“In those days, they thought all Black folk was from Mississippi,” he once told the St. Cloud Times in Minnesota. “They started calling me Mississippi Mudcat. I said, ‘I’m not from Mississippi,’ and they said, ‘You’re still a Mississippi Mudcat.’ And it’s been very good to me.”
As a youngster, Mr. Grant performed in a choir. Following the 1965 World Series, he founded Mudcat and the Kittens, a song and dance group that played at nightclubs and hotels during the offseasons and that also gained international bookings.
“First his musicians — up to seven of them — begin, playing dance music and jazzier stuff, and then the Kittens, some very sexy girls in spare feline outfits, take over the stage to sing and dance and purr,” Frank Deford wrote in Sports Illustrated in 1968. “Then Mudcat comes on. He sings — everything from show tunes to rock ‘n’ roll — and tells jokes and dances.”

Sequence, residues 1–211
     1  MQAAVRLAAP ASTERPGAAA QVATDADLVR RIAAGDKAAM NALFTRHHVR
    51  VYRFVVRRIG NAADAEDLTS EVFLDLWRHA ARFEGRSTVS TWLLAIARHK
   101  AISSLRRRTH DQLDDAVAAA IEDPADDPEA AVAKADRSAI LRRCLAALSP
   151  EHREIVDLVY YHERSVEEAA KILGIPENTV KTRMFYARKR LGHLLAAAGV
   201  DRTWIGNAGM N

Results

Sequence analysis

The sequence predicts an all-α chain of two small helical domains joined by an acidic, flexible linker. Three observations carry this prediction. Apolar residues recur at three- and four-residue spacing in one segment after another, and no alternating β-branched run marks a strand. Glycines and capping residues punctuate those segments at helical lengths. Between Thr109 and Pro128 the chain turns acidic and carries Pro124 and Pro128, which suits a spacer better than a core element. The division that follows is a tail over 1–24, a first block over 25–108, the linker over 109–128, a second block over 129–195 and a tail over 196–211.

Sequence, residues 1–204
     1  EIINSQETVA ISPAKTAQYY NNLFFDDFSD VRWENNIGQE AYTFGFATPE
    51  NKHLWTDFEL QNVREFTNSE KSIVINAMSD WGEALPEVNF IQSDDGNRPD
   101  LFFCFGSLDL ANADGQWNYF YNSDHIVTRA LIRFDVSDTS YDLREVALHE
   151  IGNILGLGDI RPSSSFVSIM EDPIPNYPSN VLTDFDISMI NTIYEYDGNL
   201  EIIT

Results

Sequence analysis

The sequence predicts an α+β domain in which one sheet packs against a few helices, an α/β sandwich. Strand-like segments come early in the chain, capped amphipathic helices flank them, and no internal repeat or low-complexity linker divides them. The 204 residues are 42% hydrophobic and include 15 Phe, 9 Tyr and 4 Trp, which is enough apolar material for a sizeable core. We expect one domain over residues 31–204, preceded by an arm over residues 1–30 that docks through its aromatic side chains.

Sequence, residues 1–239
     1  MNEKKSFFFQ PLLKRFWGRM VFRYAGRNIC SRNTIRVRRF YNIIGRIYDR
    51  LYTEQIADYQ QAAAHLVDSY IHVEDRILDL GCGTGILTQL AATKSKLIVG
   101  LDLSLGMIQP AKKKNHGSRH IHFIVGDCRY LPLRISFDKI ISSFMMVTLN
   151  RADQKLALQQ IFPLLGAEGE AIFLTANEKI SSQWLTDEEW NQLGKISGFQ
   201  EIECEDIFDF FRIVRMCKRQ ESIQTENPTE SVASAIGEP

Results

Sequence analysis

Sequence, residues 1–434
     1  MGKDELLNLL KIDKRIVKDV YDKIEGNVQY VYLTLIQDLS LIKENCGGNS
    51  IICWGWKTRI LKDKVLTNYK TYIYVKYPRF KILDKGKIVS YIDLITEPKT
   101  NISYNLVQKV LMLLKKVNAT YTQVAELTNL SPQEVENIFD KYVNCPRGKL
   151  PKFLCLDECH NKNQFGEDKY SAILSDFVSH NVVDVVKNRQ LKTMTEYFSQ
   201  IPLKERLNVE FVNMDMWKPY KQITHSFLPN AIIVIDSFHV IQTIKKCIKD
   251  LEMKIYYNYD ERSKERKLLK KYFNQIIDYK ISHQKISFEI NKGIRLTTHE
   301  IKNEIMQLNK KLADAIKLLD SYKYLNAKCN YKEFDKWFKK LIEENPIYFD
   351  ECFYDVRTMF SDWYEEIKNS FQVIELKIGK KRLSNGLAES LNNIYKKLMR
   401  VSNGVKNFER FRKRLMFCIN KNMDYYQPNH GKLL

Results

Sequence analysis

“I made way more money in music than I did in baseball,” Mr. Grant once said.
James Timothy Grant Jr. was born on Aug. 13, 1935, in Lacoochee, Florida, a town some 40 miles north of Tampa. He grew up in a poor family amid rigid segregation.
His father, who worked in a lumber mill, died of lung disease when Jim was a child. His mother, Viola, took a job in a citrus canning plant to provide for the family. At age 13 or so, Mr. Grant played third base for a local semipro team but also worked part-time in a mill.
Mr. Grant was a third baseman and pitcher and also played football and basketball at Moore Academy, a Black school in Dade City, Florida, then received an athletic scholarship to the historically Black Florida A&M. He played mostly third base in college, where he was also a reserve running back. He left in his sophomore year to help his family financially, working as a carpenter’s helper.